Although the detailed numbers in the statistics are not important, Ida and Tian highlight the contrast in the fraction of planets in the habitable zones having Earth-like water content between Sun-like stars and lower-mass stars is significant. At the same time, they caveat that further studies are needed to determine how efficiently water is retained in the mantle, as well as the evolution of its release to the surface.

Authors: Feng Tian and Shigeru Ida
Title of Original Paper: Water contents of Earth-mass planets around M dwarfs
Journal: Nature Geoscience 8, March 2015
DOI: 10.1038/ngeo2372

Further information
Miwako Kato, Asuka Suzuki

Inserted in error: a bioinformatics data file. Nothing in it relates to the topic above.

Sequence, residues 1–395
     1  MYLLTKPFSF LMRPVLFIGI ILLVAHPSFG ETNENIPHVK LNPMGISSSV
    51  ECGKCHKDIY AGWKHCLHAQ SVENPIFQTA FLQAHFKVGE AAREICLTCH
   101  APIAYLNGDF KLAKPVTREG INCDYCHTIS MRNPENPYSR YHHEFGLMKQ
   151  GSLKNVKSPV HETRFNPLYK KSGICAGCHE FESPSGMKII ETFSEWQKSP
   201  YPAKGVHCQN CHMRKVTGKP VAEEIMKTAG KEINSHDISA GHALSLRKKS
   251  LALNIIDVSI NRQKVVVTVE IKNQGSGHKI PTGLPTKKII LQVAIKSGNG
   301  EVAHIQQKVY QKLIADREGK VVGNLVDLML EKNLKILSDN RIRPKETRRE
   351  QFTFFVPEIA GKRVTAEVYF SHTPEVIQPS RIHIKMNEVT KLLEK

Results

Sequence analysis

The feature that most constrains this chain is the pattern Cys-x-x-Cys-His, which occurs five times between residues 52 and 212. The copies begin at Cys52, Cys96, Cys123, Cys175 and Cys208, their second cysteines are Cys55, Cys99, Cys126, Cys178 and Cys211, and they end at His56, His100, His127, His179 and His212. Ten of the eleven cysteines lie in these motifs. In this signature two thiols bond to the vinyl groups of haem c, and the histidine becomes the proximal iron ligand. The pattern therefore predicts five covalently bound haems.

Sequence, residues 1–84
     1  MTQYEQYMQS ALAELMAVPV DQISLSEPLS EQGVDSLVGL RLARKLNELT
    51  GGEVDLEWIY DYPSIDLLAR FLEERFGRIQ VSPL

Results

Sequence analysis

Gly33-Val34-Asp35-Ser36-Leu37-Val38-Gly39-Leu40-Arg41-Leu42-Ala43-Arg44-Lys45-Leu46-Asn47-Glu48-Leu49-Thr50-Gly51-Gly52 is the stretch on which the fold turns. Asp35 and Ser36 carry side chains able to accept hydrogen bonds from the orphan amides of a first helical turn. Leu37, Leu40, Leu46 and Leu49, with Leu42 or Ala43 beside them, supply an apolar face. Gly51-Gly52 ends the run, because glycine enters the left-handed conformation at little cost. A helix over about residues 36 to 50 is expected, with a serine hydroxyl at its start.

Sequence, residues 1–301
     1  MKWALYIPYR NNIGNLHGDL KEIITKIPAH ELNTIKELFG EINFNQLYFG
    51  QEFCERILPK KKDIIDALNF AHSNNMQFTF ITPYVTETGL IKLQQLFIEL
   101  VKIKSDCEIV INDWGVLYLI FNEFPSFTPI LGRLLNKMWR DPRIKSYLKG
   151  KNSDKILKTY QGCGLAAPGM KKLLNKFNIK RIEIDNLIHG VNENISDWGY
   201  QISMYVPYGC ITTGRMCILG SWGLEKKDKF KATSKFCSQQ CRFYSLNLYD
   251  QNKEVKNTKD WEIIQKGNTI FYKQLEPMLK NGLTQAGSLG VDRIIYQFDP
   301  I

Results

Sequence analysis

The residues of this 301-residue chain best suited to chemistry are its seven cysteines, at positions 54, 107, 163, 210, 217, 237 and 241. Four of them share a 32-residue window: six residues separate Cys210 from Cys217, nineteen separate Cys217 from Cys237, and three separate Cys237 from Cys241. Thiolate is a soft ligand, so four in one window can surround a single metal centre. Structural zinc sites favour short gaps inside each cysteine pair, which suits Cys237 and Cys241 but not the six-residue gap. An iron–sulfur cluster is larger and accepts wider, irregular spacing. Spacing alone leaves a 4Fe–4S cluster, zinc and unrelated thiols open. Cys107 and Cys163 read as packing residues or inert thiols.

Center for Public Affairs and Communications, Tokyo Institute of Technology
2-12-1, Ookayama, Meguro-ku, Tokyo 152-8550, Japan
Tel: +81-3-5734-2975 Fax: +81-3-5734-3661

About Tokyo Institute of Technology
As one of Japan’s top universities, Tokyo Institute of Technology seeks to contribute to civilization, peace and prosperity in the world, and aims at developing global human capabilities par excellence through pioneering research and education in science and technology, including industrial and social management. To achieve this mission, we have an eye on educating highly moral students to acquire not only scientific expertise but also expertise in the liberal arts, and a balanced knowledge of the social sciences and humanities, all while researching deeply from basics to practice with academic mastery. Through these activities, we wish to contribute to global sustainability of the natural world and the support of human life.

Feng Tian and Shigeru Ida | Tokyo Institute of Technology

More articles from Physics and Astronomy:

nachricht Light-driven atomic rotations excite magnetic waves